Mars, Penelope Amey (1984) The rubber industry of India: a vital industry in the planned economy. (MPhil thesis), Kingston Polytechnic.Full text not available from this archive.
The object of the thesis was to examine the planning system of India and to assess the ways in which it affected the rubber industry between 1951 and 1979. The planning system has been biased towards heavy industry and transportation so that tyre manufacture had priority. The initial bias in favour of autarky resulted in neglect of possible trade development, but this was gradually relaxed. The manufacture of all rubber products was controlled by a licensing system. Delays before passing a Land Reform Act in 1964 led .to a multiplication of very small rubber holdings planted with low-yielding stock. Although the output of natural rubber increased considerably, attempts at subsidised replanting of smallholdings were less successful than they might have been largely owing to lack of foreign exchange to secure trained supervisory personnel and supplies of foreign planting material. Shortage of foreign exchange stemmed from the failure to develop trade. Rubber estates were not subdivided but their expansion was severely restricted leading to a sacrifice of economic viability since they managed to replant almost totally with high-yielding stock despite heavy taxation. Estates were more productive than smallholdings. Throughout the period, natural rubber was subject to minimum price control which benefited growers. Maximum price control existed until 1963 when it was virtually abandoned although 12 large manufacturers were said to influence prices. Tyre prices were controlled up to 1974. The prices of other rubber manufactures were not controlled so that the producers were able to recoup themselves for the high prices of natural rubber. However, priority in the acquisition of raw materials enabled the tyre industry ,to expand at the expense of other manufactures. Indian planning has been flexible: licensing controls and import restrictions were relaxed in the 1970s while exports of rubber products were encouraged by such measures as cash incentives and duty drawbacks.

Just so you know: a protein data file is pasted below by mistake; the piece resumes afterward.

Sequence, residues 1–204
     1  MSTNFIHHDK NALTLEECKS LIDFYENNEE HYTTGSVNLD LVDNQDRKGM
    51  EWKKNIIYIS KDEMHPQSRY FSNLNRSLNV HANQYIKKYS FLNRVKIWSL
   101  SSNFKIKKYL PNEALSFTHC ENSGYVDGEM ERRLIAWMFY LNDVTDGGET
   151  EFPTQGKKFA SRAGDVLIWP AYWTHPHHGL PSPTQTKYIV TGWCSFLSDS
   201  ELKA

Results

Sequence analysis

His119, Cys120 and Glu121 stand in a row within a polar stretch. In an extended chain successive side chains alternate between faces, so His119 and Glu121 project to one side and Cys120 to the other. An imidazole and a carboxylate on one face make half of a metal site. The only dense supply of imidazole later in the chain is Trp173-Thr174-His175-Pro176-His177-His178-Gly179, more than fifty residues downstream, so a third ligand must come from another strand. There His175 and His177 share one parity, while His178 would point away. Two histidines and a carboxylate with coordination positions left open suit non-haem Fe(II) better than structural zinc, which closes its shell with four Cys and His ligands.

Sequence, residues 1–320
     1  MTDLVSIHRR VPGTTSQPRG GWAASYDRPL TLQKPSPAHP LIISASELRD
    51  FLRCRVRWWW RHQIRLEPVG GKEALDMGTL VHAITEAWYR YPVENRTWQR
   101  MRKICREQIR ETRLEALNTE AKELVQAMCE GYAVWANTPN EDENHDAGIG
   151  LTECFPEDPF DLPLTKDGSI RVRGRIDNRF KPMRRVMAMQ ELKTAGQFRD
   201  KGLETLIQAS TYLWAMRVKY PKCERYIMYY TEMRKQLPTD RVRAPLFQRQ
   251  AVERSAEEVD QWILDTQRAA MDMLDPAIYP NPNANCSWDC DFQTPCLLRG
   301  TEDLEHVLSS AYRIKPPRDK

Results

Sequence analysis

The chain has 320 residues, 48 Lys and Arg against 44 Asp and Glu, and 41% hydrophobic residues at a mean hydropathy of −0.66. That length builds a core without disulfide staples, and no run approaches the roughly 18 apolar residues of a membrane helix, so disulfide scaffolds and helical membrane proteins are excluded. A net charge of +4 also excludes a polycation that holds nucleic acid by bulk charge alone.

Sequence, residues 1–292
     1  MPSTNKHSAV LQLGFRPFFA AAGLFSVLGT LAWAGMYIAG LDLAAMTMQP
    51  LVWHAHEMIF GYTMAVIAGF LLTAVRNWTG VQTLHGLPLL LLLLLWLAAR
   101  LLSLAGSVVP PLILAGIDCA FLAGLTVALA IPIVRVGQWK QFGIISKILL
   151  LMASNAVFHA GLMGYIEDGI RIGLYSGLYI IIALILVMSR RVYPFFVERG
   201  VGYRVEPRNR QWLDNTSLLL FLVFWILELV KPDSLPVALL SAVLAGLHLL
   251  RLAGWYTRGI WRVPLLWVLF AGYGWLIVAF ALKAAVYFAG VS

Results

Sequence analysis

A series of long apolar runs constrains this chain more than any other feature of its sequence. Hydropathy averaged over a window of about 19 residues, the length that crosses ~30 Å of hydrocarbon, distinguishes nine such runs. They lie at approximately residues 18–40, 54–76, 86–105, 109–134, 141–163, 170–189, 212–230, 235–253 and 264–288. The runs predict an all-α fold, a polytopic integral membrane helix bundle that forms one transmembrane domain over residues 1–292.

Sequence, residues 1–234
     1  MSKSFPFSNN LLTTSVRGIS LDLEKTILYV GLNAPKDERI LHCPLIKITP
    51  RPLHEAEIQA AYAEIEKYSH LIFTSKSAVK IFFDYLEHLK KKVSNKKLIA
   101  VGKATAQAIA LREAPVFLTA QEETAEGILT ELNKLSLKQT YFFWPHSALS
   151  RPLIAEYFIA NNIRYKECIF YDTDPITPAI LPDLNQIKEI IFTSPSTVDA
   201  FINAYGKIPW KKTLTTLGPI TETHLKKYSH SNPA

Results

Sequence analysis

|Item Type:||Thesis (MPhil)|
|Physical Location:||This item is held in stock at Kingston University Library.|
|Depositing User:||Automatic Import Agent|
|Date Deposited:||09 Sep 2011 21:39|
|Last Modified:||30 May 2014 13:37|
Actions (Repository Editors)
|Item Control Page|